“It’s fair to say there was an effort to discourage the investigation” by SIGAR, he said, adding that eventually the two agencies agreed to coordinate and release complementary reports, but that the Pentagon’s investigators did not fulfil promises to fully cooperate.
Kathie Scarrah, a spokeswoman for the Defense Department Inspector General’s office, said that its investigators “heard no complaints throughout the evaluation about coordination” with SIGAR. The DODIG’s unclassified report “had significant findings,” she added, “which should be the focus of the attention.”
It’s unclear who within the Pentagon’s senior ranks resisted SIGAR’s involvement. A spokesman for the Office of the Secretary of Defense declined to address questions about the two reports, citing the Thanksgiving holiday and the “extensive research” that would be required.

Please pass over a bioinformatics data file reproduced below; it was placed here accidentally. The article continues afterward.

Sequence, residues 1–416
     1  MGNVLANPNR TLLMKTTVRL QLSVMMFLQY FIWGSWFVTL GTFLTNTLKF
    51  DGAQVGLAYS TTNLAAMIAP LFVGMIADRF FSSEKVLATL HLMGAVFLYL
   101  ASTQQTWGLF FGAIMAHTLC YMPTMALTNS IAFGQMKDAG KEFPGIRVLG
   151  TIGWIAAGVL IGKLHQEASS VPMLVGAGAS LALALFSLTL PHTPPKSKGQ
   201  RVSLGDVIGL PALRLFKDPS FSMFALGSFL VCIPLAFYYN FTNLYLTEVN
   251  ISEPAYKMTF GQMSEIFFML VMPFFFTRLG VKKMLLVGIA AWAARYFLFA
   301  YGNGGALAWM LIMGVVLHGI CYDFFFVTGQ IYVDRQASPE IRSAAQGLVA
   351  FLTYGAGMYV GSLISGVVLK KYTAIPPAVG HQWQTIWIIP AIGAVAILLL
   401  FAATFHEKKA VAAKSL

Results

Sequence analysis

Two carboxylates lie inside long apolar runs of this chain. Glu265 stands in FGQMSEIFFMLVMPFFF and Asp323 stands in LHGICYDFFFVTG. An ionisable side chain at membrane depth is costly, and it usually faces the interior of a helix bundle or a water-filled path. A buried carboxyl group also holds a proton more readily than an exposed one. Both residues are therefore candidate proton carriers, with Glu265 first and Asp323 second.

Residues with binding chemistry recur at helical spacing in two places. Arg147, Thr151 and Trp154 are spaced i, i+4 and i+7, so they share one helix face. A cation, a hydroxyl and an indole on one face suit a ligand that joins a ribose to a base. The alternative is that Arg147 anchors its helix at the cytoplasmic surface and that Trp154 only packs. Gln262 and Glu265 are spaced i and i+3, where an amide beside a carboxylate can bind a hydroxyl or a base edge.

Afghan security personnel have been known to recruit young boys as servants, sometimes to use for sex. There is a broader practice in Afghan society to dress some boys as women and have them dance at gatherings. Known as bacha bazi, it was banned under the Taliban but revived after the US invasion in 2001.
US troops who have witnessed such abuse have complained about it for years. Still, it’s unclear precisely how deeply rooted the problem is among Afghan security forces. The Defense Department’s report said it reviewed 16 allegations from 2010 to 2016, but that the actual number is unknown because of inconsistent reporting procedures and “an overall lack of unified guidance on reporting and record keeping relating to child sexual abuse.”